Managing Editor, IFSEC Insider

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James Moore is the Managing Editor of IFSEC Insider, the leading online publication for security and fire news in the industry. James writes, commissions, edits and produces content for IFSEC Insider, including articles, breaking news stories and exclusive industry reports. He liaises and speaks with leading industry figures, vendors and associations to ensure security and fire professionals remain abreast of all the latest developments in the sector.
December 10, 2020

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Eye in the sky: Airspace security trends to watch out for in 2021

According to a report from Coherent Market Insights, the global safety and security drones market is expected to witness significant growth between 2019 and 2027. We take a look at some key findings from the report, and speak to Amit Samani from Dedrone to get his thoughts on the key trends to watch out for in airspace security in 2027.

According to the report, published by Coherent Market Insights, the safety and security drones market is expected to grow with a CAGR of 34.7% up until 2021.

The growth is expected to come as a result of increasing adoption of drones in applications such as defence and government, as well as favourable regulations for security drones. Drone standards such as those brought in by the International Organization for Standardization (ISO) in December 2019 are set to propel the demand.

The rising demand for applications that support smart cities in managing safety and security, amongst other processes such as traffic and emergency services monitoring, will also play a role in driving growth. According to the Association of Air Medical Services, several countries have already implemented rules for the operation of UAV/UAS for the public and aviation safety to support healthcare operations. Meanwhile, the UK opened up airspace this year to allow for medical supplies to be delivered via drones during the coronavirus pandemic.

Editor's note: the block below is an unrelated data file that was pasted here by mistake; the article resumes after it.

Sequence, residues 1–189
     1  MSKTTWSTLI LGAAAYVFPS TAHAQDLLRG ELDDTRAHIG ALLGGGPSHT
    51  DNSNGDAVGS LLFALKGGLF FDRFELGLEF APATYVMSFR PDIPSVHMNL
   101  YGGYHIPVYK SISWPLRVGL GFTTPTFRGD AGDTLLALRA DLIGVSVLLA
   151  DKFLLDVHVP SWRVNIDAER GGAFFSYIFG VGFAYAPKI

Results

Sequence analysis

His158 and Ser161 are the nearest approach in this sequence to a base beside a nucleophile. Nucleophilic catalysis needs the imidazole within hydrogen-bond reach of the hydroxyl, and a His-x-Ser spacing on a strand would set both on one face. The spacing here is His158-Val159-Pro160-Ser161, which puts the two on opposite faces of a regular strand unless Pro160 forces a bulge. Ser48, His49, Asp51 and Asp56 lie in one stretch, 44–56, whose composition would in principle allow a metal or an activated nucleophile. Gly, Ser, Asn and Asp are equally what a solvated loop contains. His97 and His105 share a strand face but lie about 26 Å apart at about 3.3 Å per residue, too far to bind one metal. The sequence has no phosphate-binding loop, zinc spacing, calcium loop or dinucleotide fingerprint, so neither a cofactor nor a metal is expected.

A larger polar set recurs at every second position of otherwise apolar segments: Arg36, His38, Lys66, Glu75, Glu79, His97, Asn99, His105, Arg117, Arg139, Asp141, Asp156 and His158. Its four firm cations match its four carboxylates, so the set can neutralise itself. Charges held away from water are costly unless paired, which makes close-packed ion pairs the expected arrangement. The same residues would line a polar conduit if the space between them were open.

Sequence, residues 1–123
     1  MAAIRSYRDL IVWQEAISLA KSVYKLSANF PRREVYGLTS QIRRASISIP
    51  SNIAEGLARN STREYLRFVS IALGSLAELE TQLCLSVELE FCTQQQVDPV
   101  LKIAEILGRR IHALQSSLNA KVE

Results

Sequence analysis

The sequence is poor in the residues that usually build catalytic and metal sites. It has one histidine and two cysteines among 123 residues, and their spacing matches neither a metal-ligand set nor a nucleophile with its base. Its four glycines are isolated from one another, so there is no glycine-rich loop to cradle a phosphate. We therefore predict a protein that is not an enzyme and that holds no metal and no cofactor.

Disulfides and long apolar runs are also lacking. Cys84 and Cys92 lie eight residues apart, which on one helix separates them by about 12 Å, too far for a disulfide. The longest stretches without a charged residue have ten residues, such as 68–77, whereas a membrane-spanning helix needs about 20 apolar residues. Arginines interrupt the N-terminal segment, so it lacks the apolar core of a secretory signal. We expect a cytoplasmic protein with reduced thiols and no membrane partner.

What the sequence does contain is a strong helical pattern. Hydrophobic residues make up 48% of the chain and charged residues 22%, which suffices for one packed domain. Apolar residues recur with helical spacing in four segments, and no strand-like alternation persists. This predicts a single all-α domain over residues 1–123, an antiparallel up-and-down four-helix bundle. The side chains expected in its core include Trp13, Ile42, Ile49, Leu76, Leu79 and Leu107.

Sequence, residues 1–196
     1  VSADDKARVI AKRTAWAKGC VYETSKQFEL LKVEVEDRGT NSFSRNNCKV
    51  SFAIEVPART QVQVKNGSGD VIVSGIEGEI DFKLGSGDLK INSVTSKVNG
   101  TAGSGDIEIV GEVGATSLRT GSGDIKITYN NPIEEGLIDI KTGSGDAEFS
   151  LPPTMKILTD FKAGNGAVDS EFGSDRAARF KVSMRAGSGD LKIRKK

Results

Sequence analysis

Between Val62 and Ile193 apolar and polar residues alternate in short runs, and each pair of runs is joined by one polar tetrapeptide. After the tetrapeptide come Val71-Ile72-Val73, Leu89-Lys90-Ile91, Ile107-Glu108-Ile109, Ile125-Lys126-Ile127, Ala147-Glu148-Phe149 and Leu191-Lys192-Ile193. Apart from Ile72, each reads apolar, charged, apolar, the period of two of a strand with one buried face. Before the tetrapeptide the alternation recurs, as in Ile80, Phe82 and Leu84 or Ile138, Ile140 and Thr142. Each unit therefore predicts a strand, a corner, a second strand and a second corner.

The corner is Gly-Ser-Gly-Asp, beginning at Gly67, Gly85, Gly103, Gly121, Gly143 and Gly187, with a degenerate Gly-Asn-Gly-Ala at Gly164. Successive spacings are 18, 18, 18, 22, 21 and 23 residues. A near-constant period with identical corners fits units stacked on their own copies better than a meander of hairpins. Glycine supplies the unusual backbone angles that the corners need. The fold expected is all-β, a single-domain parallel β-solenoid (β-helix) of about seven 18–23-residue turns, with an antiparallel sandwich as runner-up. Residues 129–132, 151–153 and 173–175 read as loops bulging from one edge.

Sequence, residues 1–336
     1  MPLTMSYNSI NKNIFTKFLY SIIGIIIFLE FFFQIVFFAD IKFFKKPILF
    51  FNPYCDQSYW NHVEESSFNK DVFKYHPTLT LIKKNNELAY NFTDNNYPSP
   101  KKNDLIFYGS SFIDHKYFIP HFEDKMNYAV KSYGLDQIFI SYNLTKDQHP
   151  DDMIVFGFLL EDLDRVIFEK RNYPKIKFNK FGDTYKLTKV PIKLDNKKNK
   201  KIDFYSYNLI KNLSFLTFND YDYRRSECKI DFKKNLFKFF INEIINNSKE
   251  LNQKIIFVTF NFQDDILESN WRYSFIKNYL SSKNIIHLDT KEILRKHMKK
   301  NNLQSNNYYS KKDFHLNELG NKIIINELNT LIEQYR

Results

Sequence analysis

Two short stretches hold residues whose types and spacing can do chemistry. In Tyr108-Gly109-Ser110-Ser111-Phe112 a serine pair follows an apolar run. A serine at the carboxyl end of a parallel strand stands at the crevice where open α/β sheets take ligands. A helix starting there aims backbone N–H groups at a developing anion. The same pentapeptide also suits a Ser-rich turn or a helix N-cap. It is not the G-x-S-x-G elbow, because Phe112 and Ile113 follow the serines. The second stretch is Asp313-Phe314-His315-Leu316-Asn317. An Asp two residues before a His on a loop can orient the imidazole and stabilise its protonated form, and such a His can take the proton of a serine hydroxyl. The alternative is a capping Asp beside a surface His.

Security drones are also playing a role in crowd management – a tool that may be particularly useful once crowds return to events after the pandemic.

North America is expected to hold a dominant position in the market, with increasing use for commercial and military applications, as well as an increasing awareness of the ability to integrate drones into existing security systems to provide actionable intelligence.

Airspace security trends in 2021

But what about the protection against the threat drones can bring? Criminal organisations are becoming increasingly aware of the uses drones can provide in providing intelligence on company operations and security processes, so it is crucial to mitigate against the risks of the airbourne threat.

Here, Amit Samani, VP of Americas & UK, Sales, Dedrone, offers his thoughts on some key trends to watch out for in the airspace security market in 2021.

  1. Drone usage will continue to rise exponentially, pushed by the impacts of COVID. Drones are coming to work in increasing numbers. Facility security leaders are looking to use drones to prevent more workers from coming onsite – putting drones to work for inspection, delivery, surveillance. These numbers of drones coming to work will only increase exponentially and will become a permanent fixture for organisations moving forward.


  1. Increase of disrupted events at airports, stadiums, and other open-air facilities: Drone disruptions aren’t new, but more people are realising how easy it is to cause damage and harm to a facility, and how impactful these drone events are to a business’ reputation. Drones may appear as a part of a broader exploitation plan – check out the site before entering it to identify vulnerabilities. As more open-air facilities remain closed due to COVID shutdowns, and return to normal operations, onlookers will want to take the view into their own hands, such as the drone pilots who shut down Major League Baseball games in 2020.


  1. Drone blackmail will be added as a new security threat: Paparazzi chased down celebrities with drones in 2020, and angry neighbors around the world worked with local law enforcement to build frameworks to protect their privacy from drone onlookers. Airspace security protects organisations from drone threats, and an emerging threat in 2021 will be drone-based blackmail. Bad actors are beginning to understand the costs associated with downtime at a critical infrastructure site – airlines who cancelled flights during the Gatwick shutdown reported nearly $64.5m losses when a wayward drone halted airport operations for two days in 2018.